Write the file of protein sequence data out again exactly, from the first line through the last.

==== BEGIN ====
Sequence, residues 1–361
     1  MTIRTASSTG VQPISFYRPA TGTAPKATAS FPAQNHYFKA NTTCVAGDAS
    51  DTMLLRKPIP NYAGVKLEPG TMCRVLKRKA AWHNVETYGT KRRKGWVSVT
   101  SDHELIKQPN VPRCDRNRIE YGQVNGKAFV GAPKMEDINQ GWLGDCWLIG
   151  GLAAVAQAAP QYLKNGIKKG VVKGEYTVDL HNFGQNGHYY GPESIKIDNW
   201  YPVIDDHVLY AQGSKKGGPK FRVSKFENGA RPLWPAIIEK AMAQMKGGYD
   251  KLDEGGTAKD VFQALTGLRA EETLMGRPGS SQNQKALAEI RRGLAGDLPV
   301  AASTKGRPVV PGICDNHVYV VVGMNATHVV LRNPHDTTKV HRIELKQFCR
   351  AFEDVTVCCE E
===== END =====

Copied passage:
Sequence, residues 1–361
     1  MTIRTASSTG VQPISFYRPA TGTAPKATAS FPAQNHYFKA NTTCVAGDAS
    51  DTMLLRKPIP NYAGVKLEPG TMCRVLKRKA AWHNVETYGT KRRKGWVSVT
   101  SDHELIKQPN VPRCDRNRIE YGQVNGKAFV GAPKMEDINQ GWLGDCWLIG
   151  GLAAVAQAAP QYLKNGIKKG VVKGEYTVDL HNFGQNGHYY GPESIKIDNW
   201  YPVIDDHVLY AQGSKKGGPK FRVSKFENGA RPLWPAIIEK AMAQMKGGYD
   251  KLDEGGTAKD VFQALTGLRA EETLMGRPGS SQNQKALAEI RRGLAGDLPV
   301  AASTKGRPVV PGICDNHVYV VVGMNATHVV LRNPHDTTKV HRIELKQFCR
   351  AFEDVTVCCE E